Djokovic Back In Business, Reaches Eighth Wimbledon Semi-final

Serbian star awaits the winner of Nadal or Del Potro

Three-time former champion Novak Djokovic moved into his eighth semi-final at The Championships on Wednesday with a 6-3, 3-6, 6-2, 6-2 victory over Kei Nishikori, the No. 24 seed from Japan, in two hours and 35 minutes.

The Serbian, who retired in the 2017 Wimbledon quarter-finals with a right elbow injury against Tomas Berdych that resulted in a six-month injury lay-off, is returning to peak form at just the right time. Djokovic lost just eight of his first-service points (52/61) and won 18 of his 20 points at the net against Nishikori. “I think we were quite even until the middle of the third set, then I managed to step up and play up a gear,” said Djokovic. “I ended this match really well.”

He will next face second-seeded Spaniard and two-time titlist Rafael Nadal, who defeated fifth seed Juan Martin del Potro, the 2013 semi-finalist, from Argentina. Djokovic leads Nadal 26-25 in their FedEx ATP Head2Head series.

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“I feel [that] if I have to compare the game that I've played, the level of tennis that I've had those years and today, I think it's pretty close,” said Djokovic. “I like the level of tennis that I'm playing right now. I really do. I think with the performances I've had, I deserve to be in the semi-finals. I don't want to stop here. I hope I can get a chance to fight for a trophy.”

Through to his 32nd Grand Slam championship semi-final — second only to Roger Federer (44) — Djokovic also recorded his 63rd match win (63-10) at the All England Club, the same number as 1993-95, 1997-2000 Wimbledon winner Pete Sampras (63-7).

Djokovic came into the grass-court major on the back of a runner-up finish at the Fever-Tree Championships — his first ATP World Tour final for 12 months. He has a 23-9 record on the season, which includes two other victories over Nishikori at the Mutua Madrid Open and the Internazionali BNL d'Italia, two ATP World Tour Masters 1000 events.

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Djokovic highlighted his growing confidence and tremendous athleticism from the front and back of the Centre Court, in the fourth game at 15/30, when a forehand down the line left Nishikori lunging for the ball. Two points later, Nishikori mis-timed a deep backhand, which clipped the baseline, to give Djokovic a 3-1 advantage. But the Serbian struck a double fault in the next game to hand the break back to Nishikori.

Nishikori, who set up his favoured backhand stroke down the line with serves out wide, particularly on the Ad-court, got back to 3-3, but subtle changes of groundstroke pace by Djokovic reaped dividends in the eighth game. The 38-minute set ended with Nishikori committing a backhand error.

Nishikori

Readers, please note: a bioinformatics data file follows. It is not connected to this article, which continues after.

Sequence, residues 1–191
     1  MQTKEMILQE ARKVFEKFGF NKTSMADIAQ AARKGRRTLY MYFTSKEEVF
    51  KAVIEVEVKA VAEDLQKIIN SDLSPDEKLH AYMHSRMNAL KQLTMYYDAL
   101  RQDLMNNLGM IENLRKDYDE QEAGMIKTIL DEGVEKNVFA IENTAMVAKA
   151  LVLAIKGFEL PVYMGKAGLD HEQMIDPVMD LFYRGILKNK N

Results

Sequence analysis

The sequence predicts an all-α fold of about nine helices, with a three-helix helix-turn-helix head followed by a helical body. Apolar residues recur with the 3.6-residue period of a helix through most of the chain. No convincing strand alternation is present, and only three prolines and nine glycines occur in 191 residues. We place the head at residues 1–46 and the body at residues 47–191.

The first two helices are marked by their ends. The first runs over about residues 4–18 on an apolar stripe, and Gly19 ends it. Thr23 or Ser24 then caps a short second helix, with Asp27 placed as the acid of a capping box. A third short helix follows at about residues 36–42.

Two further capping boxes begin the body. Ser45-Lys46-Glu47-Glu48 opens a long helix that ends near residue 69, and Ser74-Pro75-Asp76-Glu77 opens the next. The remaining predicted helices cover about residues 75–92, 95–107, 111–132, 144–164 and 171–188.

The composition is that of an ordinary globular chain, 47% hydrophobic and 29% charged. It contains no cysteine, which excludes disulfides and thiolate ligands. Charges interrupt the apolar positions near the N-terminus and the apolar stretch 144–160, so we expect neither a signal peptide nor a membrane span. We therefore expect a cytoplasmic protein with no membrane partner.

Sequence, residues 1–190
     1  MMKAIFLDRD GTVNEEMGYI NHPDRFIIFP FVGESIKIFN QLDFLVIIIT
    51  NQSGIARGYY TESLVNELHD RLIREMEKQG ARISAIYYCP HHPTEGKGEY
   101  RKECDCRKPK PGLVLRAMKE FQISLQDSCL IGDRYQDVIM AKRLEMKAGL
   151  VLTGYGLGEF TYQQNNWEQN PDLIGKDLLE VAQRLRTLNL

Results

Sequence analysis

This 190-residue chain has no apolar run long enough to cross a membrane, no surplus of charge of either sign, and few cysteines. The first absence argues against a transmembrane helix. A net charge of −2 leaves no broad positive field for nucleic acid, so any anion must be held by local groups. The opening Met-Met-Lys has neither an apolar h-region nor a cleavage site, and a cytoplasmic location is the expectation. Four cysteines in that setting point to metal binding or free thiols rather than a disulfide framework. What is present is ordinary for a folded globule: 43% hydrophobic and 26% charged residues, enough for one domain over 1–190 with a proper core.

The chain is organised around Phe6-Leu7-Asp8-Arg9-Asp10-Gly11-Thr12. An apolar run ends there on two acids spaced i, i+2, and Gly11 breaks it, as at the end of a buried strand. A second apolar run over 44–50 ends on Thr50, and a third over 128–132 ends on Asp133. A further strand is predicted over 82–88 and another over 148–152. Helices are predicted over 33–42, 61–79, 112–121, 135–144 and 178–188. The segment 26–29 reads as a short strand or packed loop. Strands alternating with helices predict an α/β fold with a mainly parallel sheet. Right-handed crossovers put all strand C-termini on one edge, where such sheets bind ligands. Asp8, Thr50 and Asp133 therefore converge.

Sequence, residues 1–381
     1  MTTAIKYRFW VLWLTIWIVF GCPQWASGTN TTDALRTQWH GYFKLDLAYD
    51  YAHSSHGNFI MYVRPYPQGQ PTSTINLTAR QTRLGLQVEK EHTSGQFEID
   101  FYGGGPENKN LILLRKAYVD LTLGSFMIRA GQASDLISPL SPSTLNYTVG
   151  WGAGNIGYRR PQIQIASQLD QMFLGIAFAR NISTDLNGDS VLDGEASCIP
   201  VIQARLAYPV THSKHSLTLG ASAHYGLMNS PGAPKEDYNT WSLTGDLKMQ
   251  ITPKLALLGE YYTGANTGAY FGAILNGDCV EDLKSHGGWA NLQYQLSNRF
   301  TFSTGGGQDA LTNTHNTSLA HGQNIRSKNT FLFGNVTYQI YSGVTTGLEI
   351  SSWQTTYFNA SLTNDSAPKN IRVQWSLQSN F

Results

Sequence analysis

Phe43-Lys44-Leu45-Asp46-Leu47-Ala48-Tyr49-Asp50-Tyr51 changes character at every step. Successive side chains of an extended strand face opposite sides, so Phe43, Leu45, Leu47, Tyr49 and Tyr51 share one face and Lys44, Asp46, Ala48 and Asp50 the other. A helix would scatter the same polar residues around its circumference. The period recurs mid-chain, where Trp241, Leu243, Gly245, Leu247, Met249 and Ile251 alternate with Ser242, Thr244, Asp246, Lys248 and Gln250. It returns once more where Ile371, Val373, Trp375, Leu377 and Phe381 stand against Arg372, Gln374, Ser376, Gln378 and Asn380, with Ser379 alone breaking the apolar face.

Nishikori came through a 10-minute first game in the second set, then began to change his approach by coming to the net against one of the sport’s greatest returners. He earned a confidence boost by recovering from 0/40 at 1-1, much to the frustration of Djokovic, who received a code violation for racquet abuse.

Having battled to two service holds in 17 minutes, Nishikori was gifted a 3-1 lead, courtesy of his Serbian opponent attempting to hit a sliced drop shot into the net. Djokovic tightened up his game, putting Nishikori under pressure, but could not make the breakthrough.

Djokovic proved to be adept at the net and quick on approach in the third set, when he highlighted his mental capabilities and flexibility in recovering from 0/40 at 2-2. The 31-year-old capitalised on early fatigue from Nishikori, letting out a roar when he broke the Japanese for 30 for a 4-2 advantage and won eight of the next nine points to dominate.

“I think that was the biggest chance I had,” said Nishikori, when asked about the fifth game of the third set. “But he played three great points. Maybe things change if I got the game. I mean, he was also playing great tennis. I know it's not going to be easy holding my serve, even after I break him, but after that he was playing better. I think he was playing more aggressive and didn't give me any free points.”

Nishikori bounced back by breaking in the first game of the fourth set, but it only heightened Djokovic’s motivation and soon the Serbian couldn’t miss, forcing Nishikori to strike one extra ball in their baseline rallies. From 0-1, a fired up Djokovic won 16 of the next 20 points with exceptional hitting. Djokovic struck his 39th winner - a forehand - on approach to the net for victory.

Nishikori had been bidding to become the first Japanese man to reach the Wimbledon semi-finals since Jiro Satoh in 1931. The 28-year-old is now 20-10 on the year.

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